Postby Staddle » Tue Jun 19, 2018 10:44 pm

totesTheGoat wrote:Go spend the same amount of time and effort in industry, it'll be more useful. I wouldn't even do it for the prestige whoring thing. If you have your USPTO reg number, nobody cares where you went to school.

A couple thoughts: a reg number is necessary if you are going to do prosecution or opinion work. It is not necessary to do litigation, including contested proceedings at the Patent Office such as IPRs and PGRs (because the Patent Office will grant pro hac vice status to lawyers without reg numbers). Even with a reg number, competitive Biglaw firms will still care very much where you went to law school and how you did. They will be less interested in where you went to undergrad but it is not irrelevant. I think industry experience is a worthwhile strategy only if you want to do prosecution or opinion work. I do not think it will be given commensurate weight if you want to do litigation.

JosefK

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Re: Masters for Patent Law

Postby JosefK » Tue Jun 19, 2018 11:35 pm

The masters probably won't matter much for litigation where your law school degree matters more. It also likely won't matter much for prosecution. Candidly CS patent apps just don't require that much specialty technical knowledge above a bachelors and everyone knows it, so the masters won't move the needle much. If you specialize in machine learning or something interesting in your masters and it's at a good school I could actually see it helping a decent amount for prosecution though.

I do want to refute the bit above about not needing a reg number for PTAB work. As an academic matter yes, you can be granted pro hac vice. But as a practical matter, it is unlikely you'll do much PTAB work if you aren't patent bar eligible in BigLaw lit. Clients like to see reg. numbers as a measure of minimum competency considering the rates they pay, and that honestly seems perfectly reasonable to me. OP is patent bar eligible though so that's all sort of irrelevant, just take the patent bar when you're at your firm job down the road if needed.

I'll put in a plug for being a technical advisor/patent agent here too - a number of firms, both big and midlaw, have programs where you work for a couple years, they train you, they pay for your school (mostly night, although some firms allow for day school), and then you become an associate. It's not a bad way to go to figure out if you actually like the work and in many cases have a job already lined up.

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totesTheGoat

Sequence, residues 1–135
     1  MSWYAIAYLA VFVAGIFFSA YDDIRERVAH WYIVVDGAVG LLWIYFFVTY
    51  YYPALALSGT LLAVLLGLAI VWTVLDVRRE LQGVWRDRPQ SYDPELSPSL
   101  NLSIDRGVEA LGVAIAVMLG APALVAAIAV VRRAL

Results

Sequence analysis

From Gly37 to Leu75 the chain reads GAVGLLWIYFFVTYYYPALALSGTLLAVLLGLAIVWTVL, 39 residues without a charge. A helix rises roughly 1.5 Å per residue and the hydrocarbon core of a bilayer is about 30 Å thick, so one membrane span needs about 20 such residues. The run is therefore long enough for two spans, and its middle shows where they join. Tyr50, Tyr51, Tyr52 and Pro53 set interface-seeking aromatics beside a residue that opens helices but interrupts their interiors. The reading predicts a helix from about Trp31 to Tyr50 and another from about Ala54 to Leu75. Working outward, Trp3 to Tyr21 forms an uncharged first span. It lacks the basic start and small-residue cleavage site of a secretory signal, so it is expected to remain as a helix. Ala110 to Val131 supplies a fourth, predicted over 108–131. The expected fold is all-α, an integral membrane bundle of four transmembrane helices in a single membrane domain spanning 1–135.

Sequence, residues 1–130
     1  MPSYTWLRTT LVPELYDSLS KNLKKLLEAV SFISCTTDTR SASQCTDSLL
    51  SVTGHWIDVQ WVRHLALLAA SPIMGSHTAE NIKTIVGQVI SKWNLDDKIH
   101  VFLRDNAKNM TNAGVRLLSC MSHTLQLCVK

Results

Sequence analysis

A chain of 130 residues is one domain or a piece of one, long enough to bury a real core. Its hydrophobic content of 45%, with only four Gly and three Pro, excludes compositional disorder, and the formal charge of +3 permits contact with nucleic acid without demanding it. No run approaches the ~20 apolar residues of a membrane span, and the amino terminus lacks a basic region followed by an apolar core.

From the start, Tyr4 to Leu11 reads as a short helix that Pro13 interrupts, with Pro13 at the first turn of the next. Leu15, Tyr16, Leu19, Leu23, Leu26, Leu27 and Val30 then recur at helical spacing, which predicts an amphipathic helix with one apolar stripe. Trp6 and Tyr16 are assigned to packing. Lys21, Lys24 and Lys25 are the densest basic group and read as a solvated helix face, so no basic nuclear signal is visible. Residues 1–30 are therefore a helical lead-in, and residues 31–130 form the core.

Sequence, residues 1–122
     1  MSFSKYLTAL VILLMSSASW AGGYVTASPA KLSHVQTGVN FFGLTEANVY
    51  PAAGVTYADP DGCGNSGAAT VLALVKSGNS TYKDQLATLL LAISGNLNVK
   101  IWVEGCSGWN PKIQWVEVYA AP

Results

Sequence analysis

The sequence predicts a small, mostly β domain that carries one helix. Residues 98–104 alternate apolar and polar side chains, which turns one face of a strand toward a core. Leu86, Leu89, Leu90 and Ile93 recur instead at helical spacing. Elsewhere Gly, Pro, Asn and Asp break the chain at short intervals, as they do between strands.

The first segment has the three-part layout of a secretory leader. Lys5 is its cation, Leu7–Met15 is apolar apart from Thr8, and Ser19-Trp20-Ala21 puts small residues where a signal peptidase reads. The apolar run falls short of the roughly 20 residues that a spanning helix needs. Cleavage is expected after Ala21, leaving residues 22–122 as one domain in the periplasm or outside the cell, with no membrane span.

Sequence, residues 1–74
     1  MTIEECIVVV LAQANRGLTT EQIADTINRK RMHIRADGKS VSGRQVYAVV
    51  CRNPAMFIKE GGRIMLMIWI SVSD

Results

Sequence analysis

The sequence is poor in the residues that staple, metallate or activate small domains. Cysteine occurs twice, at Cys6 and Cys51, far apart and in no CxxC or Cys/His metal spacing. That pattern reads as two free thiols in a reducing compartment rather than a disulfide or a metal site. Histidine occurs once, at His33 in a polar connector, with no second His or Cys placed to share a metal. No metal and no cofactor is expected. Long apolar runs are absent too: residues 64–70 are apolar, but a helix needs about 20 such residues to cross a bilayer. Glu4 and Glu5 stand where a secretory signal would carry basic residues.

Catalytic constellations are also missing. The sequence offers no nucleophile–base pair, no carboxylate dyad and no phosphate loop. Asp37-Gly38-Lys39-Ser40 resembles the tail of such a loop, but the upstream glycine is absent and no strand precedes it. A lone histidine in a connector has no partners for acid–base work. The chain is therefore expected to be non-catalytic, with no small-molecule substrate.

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Re: Masters for Patent Law

Postby totesTheGoat » Wed Jun 20, 2018 8:13 am

Staddle wrote:
totesTheGoat wrote:Go spend the same amount of time and effort in industry, it'll be more useful. I wouldn't even do it for the prestige whoring thing. If you have your USPTO reg number, nobody cares where you went to school.

A couple thoughts: a reg number is necessary if you are going to do prosecution or opinion work. It is not necessary to do litigation, including contested proceedings at the Patent Office such as IPRs and PGRs (because the Patent Office will grant pro hac vice status to lawyers without reg numbers).


A reg number is a bonus for litigation as well. Certainly not required, but definitely a benefit. I recommend that all IP interested 0Ls and law students get their reg number and at least get some basic prep and pros experience during school. Those skills and the understanding that comes with them makes for a better patent litigator.

Even with a reg number, competitive Biglaw firms will still care very much where you went to law school and how you did.


Yup. I should've been more clear in my first post. Law school matters, but undergrad school doesn't really matter. I've used it as the deciding factor for a 50/50 decision once, where I was really trying to mentally justify dropping an applicant who had a bad interview.

They will be less interested in where you went to undergrad but it is not irrelevant. I think industry experience is a worthwhile strategy only if you want to do prosecution or opinion work. I do not think it will be given commensurate weight if you want to do litigation.


In my experience from the in-house side, practical experience is more desirable than a masters degree in the EE/CS area because it's more rare. I've never really been in an interview situation where the prestige of the masters degree even made it on our radar, but I don't interview for lit positions.